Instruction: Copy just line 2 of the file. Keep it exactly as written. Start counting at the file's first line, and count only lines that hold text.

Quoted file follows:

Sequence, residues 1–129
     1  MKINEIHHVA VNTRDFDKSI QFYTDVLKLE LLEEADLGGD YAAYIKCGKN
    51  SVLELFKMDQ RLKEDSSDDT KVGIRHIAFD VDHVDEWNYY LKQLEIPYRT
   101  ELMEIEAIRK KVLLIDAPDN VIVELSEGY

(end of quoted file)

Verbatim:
     1  MKINEIHHVA VNTRDFDKSI QFYTDVLKLE LLEEADLGGD YAAYIKCGKN